Highest Value in Last 2 Years: 15073.13 June 18th, 2008

Wednesday, April 7, 2010

What To Do With Your Tax Return...

So tax season is pretty much over now and people are starting to get some money back from the government (if you have been reading this blog and have put some money into RRSPs and donations and education anyway). So the question is, what are the best options to do with your tax return?

Option 1: Get a lower tax return next year

Remember that when you receive a return from the government it means that the government has overtaxed you in the previous year. They have hung onto an extra chunk of each pay, with you getting no benefit. So next year, get less taxes taken off each paycheque, so your cash flow improves.

Option 2: Reinvest in RRSPs (or an RRSP loan)

The next best option is to re-invest in RRSPs any money that you get back from the government. So if you get back $1000, immediately contribute that into your RRSP for next year. If you do your taxes (or estimate them) and find out that you will be getting $1000 back, take out an RRSP loan from your bank for $1000 and pay them this back with your return. The advantage to doing this is that you will get an extra $350 back on your return (depending on what your marginal rate is) so you have extra money regardless. I haven't tried this yet, but "fatcatc" has this planned for the future. Don't just pick a random amount though: make sure that you only borrow what your previous potential tax return was, so that this loan can be repaid immediately, rather than linger over the year.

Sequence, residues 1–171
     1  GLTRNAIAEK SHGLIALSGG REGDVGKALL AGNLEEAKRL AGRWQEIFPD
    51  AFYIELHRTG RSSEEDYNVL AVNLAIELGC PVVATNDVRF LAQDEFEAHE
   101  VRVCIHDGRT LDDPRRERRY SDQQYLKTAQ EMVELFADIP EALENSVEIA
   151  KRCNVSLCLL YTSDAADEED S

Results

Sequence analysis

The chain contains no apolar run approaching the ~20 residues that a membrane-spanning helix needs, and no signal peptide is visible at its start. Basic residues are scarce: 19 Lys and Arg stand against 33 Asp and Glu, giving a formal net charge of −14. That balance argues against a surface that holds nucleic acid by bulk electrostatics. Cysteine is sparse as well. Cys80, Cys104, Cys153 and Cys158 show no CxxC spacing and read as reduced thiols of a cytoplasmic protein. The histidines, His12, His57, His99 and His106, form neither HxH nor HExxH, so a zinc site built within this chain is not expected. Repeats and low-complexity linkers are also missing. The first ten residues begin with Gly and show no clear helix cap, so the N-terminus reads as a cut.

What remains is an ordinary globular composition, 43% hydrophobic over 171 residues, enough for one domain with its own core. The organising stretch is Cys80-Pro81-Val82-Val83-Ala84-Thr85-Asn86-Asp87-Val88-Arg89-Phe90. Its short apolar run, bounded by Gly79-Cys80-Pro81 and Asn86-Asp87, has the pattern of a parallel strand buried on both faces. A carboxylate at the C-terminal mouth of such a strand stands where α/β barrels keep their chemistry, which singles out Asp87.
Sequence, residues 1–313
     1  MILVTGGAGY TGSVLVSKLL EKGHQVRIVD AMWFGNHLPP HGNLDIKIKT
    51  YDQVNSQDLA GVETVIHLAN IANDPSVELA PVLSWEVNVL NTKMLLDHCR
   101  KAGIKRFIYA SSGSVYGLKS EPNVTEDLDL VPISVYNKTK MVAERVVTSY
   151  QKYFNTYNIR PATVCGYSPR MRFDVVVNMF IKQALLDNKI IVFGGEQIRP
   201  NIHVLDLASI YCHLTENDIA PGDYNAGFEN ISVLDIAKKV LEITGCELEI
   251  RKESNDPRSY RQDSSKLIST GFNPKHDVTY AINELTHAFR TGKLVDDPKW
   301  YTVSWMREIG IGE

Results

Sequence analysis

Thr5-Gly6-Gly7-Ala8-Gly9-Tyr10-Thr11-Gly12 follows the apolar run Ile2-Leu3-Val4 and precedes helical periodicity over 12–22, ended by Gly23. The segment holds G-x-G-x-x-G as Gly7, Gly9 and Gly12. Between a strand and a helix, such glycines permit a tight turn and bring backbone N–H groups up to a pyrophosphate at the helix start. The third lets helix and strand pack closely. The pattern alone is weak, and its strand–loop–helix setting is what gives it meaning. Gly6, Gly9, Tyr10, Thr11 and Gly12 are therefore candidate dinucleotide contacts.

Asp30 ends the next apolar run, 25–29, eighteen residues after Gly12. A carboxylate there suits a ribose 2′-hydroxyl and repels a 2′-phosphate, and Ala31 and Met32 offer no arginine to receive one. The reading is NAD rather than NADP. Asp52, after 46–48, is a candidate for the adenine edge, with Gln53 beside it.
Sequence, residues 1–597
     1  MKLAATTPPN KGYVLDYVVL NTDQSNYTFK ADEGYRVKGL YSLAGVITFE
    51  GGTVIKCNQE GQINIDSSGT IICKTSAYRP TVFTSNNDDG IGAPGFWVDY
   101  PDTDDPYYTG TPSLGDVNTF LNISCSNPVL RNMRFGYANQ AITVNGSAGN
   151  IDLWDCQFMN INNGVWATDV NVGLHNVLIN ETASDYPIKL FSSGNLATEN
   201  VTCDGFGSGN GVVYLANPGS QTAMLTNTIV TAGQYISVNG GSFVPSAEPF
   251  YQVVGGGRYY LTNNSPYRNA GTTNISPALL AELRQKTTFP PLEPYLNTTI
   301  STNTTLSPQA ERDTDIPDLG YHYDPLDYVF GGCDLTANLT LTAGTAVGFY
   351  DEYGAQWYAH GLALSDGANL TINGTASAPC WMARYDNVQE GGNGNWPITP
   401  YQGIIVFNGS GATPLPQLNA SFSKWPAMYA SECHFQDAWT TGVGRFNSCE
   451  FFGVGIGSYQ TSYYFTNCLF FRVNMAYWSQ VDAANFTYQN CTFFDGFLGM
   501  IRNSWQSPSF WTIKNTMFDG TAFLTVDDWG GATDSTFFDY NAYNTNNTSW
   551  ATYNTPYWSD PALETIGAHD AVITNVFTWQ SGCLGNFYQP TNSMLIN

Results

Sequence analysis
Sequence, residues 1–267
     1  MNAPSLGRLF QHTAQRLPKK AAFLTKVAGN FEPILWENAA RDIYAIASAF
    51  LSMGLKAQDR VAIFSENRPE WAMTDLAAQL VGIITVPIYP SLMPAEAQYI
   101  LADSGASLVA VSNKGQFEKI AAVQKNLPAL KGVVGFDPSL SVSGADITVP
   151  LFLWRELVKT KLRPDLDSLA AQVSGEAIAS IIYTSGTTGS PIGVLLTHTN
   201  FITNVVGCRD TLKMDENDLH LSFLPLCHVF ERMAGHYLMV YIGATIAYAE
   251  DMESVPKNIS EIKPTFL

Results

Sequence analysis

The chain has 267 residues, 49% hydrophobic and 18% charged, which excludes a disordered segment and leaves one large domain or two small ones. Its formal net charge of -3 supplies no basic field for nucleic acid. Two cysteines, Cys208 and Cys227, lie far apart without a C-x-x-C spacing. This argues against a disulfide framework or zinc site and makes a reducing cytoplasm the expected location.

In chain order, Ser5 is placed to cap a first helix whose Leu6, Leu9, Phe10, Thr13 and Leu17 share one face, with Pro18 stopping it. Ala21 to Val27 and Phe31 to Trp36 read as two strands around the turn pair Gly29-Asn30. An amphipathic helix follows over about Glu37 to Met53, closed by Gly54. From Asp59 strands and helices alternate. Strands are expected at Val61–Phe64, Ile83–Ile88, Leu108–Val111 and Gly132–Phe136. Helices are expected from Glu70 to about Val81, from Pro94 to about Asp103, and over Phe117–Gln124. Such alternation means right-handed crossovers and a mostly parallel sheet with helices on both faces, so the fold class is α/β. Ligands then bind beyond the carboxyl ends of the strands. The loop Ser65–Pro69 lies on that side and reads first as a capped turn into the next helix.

Option 3: Pay off bills

If you have credit card debt, that is another option for your tax return (although still less preferable than options 1 and 2).

Option 4: Build an emergency fund/planned spending

What can also be done is to build an emergency fund with your return or planned spending. What planned spending means is if you know that you spend $500 for Christmas each year, rather than putting it on your credit card this upcoming year, pocket aside $500 from your return so that money is available to you at this time.

Option 5: Upgrades on your house

I rate this a little higher than my last option because this is something that is building value. Although I always think of "Christmas Vacation" where Chevy Chase is counting on his Christmas bonus to put in a pool. You can't really plan "in 2011 I will spend my return on a new deck and in 2012 I will spend my return on hardwood floors", etc. in case things don't happen as expected.

Option 6: Random spending

Some people decide to buy a big screen television or new furniture with their tax return...they treat it like a lottery winning each year. If all of your bills are paid, your TFSA is maxed and your RRSPs are maxed out, then I say "go ahead", but for the other 99.999% of Canadians (at least that I know), there are better fiscal ways for this.

As far as what I did with my tax return, most of mine went to bill payments, although about 10% of my return went to emergency fund contributions and 10% went to "random spending". "frugala" is planning to take her money and "throw it on the pile", which is her way of saying that she will keep it in her emergency fund.